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Two Costs of Motoring

April 14 2004

Two separate sets of statistics have just been released by the AAA, the USA's largest organization for motorists, showing the high number of deaths to passenger car occupants and the more day-to-day costs per mile of car ownership.

Road Deaths and Injuries


An analysis of PAHO [Pan American Health Organisation] data by the AAA, the country's largest organization for motorists, shows that 80% of all traffic deaths and injuries occur in passenger cars, 13% are injuries and deaths involving pedestrians, 5% motorized two-wheelers and less than 2% [pedal] cyclists. The 80% figure is the highest for any country, although the majority of all road traffic injuries occur in low-to-middle income countries.

PAHO, the American branch of the World Health Organization, released the World Report on Road Traffic Injury Prevention to kick off World Health Day 2004, whose theme is Road Safety. This marks the first time in the WHO's 56-year history that motor vehicle crashes have been highlighted as a health risk.

The US data is in striking contrast to data from less motorized, low-to-middle income countries such as India where car occupants suffer only 5% of traffic injuries, pedestrians more than 40%, occupants of motorized two-wheelers 25% and bicyclists approximately 15%.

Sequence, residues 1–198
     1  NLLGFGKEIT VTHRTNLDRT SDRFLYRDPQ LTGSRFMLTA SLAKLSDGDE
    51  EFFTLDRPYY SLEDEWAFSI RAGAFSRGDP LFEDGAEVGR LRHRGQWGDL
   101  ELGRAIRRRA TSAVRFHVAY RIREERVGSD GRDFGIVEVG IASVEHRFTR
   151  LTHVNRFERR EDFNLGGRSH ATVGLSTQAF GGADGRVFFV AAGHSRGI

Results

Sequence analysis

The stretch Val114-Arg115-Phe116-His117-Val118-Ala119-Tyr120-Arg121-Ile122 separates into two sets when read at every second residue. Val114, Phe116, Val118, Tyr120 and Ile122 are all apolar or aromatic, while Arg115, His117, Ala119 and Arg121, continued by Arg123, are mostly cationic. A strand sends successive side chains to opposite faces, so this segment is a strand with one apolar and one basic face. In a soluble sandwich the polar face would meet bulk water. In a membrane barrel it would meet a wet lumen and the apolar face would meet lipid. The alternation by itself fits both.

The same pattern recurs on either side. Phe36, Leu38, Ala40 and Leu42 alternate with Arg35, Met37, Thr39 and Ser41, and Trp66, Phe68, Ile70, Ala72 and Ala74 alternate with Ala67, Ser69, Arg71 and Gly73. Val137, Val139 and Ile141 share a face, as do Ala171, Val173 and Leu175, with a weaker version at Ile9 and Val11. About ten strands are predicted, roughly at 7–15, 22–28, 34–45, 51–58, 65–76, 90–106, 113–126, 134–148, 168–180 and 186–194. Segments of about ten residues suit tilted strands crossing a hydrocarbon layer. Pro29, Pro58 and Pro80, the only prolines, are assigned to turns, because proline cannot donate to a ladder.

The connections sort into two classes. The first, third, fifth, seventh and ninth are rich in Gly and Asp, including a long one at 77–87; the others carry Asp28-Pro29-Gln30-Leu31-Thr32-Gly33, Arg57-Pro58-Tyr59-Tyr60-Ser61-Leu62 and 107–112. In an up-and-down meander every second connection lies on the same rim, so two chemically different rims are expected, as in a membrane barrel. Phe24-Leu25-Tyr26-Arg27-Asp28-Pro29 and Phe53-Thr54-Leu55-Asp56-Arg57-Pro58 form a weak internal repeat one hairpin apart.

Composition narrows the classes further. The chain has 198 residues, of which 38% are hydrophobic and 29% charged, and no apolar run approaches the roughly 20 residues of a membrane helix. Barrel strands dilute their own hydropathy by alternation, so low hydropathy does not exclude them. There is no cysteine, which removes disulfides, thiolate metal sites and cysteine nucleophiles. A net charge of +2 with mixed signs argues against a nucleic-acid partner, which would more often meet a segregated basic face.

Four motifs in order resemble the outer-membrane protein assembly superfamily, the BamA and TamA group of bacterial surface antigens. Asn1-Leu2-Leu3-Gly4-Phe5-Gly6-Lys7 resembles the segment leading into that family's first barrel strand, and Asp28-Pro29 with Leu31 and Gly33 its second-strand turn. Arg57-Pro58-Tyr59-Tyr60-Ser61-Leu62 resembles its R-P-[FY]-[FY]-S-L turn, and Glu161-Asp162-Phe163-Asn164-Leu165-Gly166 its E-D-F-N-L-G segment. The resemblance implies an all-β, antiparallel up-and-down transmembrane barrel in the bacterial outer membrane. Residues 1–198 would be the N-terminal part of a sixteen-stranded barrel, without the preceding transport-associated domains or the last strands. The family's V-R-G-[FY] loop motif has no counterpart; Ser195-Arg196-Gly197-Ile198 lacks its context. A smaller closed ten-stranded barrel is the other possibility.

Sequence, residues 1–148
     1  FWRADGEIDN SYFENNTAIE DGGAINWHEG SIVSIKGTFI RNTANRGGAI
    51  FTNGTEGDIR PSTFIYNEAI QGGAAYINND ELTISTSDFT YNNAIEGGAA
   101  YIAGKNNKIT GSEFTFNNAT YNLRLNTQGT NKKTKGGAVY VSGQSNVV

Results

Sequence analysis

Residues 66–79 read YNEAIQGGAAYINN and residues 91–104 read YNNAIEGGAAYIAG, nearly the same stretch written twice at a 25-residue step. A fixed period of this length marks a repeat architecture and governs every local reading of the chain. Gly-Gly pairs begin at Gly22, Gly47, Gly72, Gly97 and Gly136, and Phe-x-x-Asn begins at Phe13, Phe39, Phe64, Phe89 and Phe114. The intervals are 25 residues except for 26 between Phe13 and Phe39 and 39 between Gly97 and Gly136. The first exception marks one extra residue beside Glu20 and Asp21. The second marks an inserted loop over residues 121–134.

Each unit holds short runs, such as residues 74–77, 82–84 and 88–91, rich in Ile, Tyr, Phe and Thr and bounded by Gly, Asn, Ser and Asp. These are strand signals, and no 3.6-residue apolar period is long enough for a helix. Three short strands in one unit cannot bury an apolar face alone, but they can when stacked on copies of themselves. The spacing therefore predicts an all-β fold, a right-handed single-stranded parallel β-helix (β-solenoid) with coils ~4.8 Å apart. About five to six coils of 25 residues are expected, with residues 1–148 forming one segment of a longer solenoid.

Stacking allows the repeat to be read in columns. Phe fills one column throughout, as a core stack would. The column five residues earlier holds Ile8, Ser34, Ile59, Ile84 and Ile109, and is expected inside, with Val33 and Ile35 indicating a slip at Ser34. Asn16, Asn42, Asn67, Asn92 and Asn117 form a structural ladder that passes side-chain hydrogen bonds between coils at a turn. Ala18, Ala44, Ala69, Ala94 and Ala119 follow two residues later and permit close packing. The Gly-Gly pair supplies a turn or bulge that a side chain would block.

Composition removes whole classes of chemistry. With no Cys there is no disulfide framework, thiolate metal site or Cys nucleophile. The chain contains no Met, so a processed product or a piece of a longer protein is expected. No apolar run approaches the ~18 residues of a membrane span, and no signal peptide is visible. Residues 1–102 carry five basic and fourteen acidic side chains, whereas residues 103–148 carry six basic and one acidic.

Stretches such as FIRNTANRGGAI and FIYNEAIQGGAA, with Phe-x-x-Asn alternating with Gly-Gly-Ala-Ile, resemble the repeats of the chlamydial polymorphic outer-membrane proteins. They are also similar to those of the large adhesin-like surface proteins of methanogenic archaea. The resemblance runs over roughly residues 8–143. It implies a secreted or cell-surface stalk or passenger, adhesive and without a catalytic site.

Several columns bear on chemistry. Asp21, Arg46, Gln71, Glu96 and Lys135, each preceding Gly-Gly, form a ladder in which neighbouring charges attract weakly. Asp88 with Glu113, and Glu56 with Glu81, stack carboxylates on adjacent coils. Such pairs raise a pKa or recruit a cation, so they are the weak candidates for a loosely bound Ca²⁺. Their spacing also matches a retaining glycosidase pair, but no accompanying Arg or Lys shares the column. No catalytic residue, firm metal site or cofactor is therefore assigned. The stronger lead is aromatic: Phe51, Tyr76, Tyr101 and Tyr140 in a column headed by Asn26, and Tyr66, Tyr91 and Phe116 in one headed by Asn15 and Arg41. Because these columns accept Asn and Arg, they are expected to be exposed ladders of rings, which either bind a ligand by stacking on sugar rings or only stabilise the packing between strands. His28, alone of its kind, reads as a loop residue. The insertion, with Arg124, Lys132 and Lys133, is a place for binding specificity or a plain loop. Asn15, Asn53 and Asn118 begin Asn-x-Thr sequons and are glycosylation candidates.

AAA is reminding motorists that 'buckling up' is the single most important thing they can do for their health. 'Wearing your seatbelt not only saves your life, but also protects loved ones who are riding in the same vehicle', said Robert L. Darbelnet, President and CEO of AAA, noting that the 'epidemic' of US deaths due to motor vehicle crashes has become widely accepted as inevitable (there are more than 42,000 per annum). 'In round numbers, this loss of life is the equivalent of the Titanic going down every two weeks, year after year'.

Recent AAA action is addressing the problem for the three most vulnerable groups of passenger car occupants: children, teens and seniors.

Driving Costs


Meanwhile, the AAA's annual Your Driving Costs study shows that the average cost of driving a new passenger car in 2004 is 56.2 cents per mile or $8,431 per year. AAA has reported on the average estimated cost of owning and operating a new car each year since 1950.

Due to a revised methodology, this year's estimated costs are not directly comparable to those reported in previous years. However, the table shows a steady rise throughout the last decade:

AAA's Annual Driving Cost Estimates
Year Annual cost Cost per mile
2004* $8,431 56.2 cents
2003 $7,754 51.7 cents
2002 $7,533 50.2 cents
2001 $7,654 51.0 cents
2000 $7,363 49.1 cents
1999 $7,050 47.0 cents
1998 $6,908 46.1 cents
1997 $6,723 44.8 cents
1996 $6,389 42.6 cents
1995 $6,185 41.2 cents
1994 $5,916 39.4 cents

*methodology revised by AAA


The largest components of vehicle cost, in descending order, are as follows (figures are estimates per year of ownership):

Depreciation $3,782
Full insurance coverage $1,603
Cost of fuel $975
Routine maintenance $915


AAA's cost figures are based on a composite national average of three domestically built 2004 cars - a subcompact Chevrolet Cavalier LS, a mid-size Ford Taurus SEL Deluxe and a full-size Mercury Grand Marquis LS.

The AAA's main Web address, www.aaa.com , directs users to separate sites for regionally based clubs.

All articles 2006-18 written and edited by Mel Crowther and/or Nick Thomas.

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